Primitivism
Primitivism is a painting style that originated in the XIX-XX centuries. The primitivists intentionally simplified the picture, making its forms primitive, like folk art, the work of a child or…

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Op art
Op art (from English op art, short for optical art - optical art) is a neo-avant-garde trend in the visual arts, one of the later modifications of abstract art. In…

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Verism
Verism (from Italian. Il verismo, from the word vero - true, truthful) is a realistic trend in Italian fine art of the late 19th century. The term originated in the…

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fancifully intertwined

Naturalism

Naturalism – (French naturalisme, from lat. Natura – nature) – a direction in literature and art that developed in the last third of the XIX century in Europe and the USA. Under the influence of the ideas of positivism, the main representatives of which were O. Comte and G. Spencer, this movement strove for an objective and dispassionate depiction of reality, likening artistic knowledge to scientific, proceeded from the idea of ​​the complete predetermination of fate, the dependence of the spiritual world of a person on the social environment, heredity and physiology.

In the field of art, naturalism was developed primarily in the works of French writers – brothers E. and J. Goncurov and Emil Zola, who believed that the artist should reflect the world around him without any embellishment, conventions and taboos, with maximum objectivity, positivistic truth. Continue reading

Mannerism

Mannerism (Mannerism, Italian. Maniera – style, manner), a term used in the theory of fine art. He became popular thanks to the artist and biographer of the 16th century Vasari, who characterized them with a high degree of grace, poise and sophistication in art. However, from the 17th century, most critics, believing that Italian art of the 2nd half of the 16th century was in decline compared to the peaks achieved during the High Renaissance (Renaissance) by Leonardo da Vinci, Michelangelo and Raphael, referred to the term Mannerism as art, which metaphorical saturation, addiction to hyperbole and grotesque are characteristic. As a result, Mannerism began to be called the style adopted by the schools of Italian art, primarily Roman, between the High Renaissance and the Baroque (about 1520 – about 1600). Continue reading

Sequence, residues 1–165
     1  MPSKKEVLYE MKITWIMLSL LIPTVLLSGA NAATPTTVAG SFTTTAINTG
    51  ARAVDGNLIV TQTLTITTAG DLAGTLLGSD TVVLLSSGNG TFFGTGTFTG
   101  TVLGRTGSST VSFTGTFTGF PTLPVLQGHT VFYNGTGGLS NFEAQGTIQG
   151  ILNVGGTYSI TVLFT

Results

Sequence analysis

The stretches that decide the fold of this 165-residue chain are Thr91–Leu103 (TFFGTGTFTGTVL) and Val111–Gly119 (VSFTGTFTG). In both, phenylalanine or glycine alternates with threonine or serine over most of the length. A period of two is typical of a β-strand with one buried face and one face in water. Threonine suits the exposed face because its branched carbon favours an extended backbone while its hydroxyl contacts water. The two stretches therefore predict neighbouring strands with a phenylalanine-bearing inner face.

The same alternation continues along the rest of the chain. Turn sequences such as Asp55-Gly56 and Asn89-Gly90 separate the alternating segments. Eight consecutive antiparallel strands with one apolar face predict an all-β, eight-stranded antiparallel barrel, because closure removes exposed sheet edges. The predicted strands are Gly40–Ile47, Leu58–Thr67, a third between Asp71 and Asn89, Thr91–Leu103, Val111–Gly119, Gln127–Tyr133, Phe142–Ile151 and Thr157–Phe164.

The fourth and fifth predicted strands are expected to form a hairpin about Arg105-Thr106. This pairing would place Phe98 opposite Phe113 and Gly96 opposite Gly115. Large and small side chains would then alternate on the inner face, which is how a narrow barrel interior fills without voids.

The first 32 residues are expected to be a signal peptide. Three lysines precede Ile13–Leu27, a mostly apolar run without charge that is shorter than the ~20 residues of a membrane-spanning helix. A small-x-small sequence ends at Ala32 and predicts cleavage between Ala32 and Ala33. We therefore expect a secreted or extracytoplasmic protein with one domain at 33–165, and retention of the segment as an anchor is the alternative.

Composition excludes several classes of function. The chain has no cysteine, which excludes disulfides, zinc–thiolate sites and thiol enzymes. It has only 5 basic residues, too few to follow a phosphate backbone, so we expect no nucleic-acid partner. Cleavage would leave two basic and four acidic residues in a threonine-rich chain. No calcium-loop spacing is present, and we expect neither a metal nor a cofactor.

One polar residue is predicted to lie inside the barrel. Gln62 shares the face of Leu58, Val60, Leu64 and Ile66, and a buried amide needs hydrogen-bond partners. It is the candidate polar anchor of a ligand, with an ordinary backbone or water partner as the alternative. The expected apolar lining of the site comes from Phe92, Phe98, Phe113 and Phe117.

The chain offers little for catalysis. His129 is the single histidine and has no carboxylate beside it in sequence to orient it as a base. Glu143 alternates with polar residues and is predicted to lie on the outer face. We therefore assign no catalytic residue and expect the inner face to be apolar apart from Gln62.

Lyrical abstraction

Lyrical abstraction, lyrical-emotional, psychological abstractionism is one of the areas of abstract art, which is characterized by a desire for a direct expression of the artist’s emotional, mental states and improvisational performance. Lyrical abstraction is the European parallel of American abstract expressionism. Other names for this trend are formless painting and tashism.

The founder of this trend was the Russian artist Vasily Kandinsky – a recognized leader and theorist of abstractionism, the basic principles and provisions of which were set forth by him in his works On the Spiritual in Art (1911); “Retrospective” (1913); “Point and line on the plane” (1926). Continue reading

Color field painting
Color field painting (from the English color field) is an abstract painting style that arose in New York City in the 1940-1950s. She was inspired by European modernism and was…

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Neoplasticism
Neoplasticism is one of the earliest varieties of abstract art. Created by 1917 by the Dutch painter P. Mondrian and other artists included in the association "Style". According to its…

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Orphism
Orphism (French orphisme, named after the character of the ancient Greek mythology of the singer Orpheus) is a trend in European painting of the 1910s, close to cubism and futurism.…

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Neoplasticism
Neoplasticism is one of the earliest varieties of abstract art. Created by 1917 by the Dutch painter P. Mondrian and other artists included in the association "Style". According to its…

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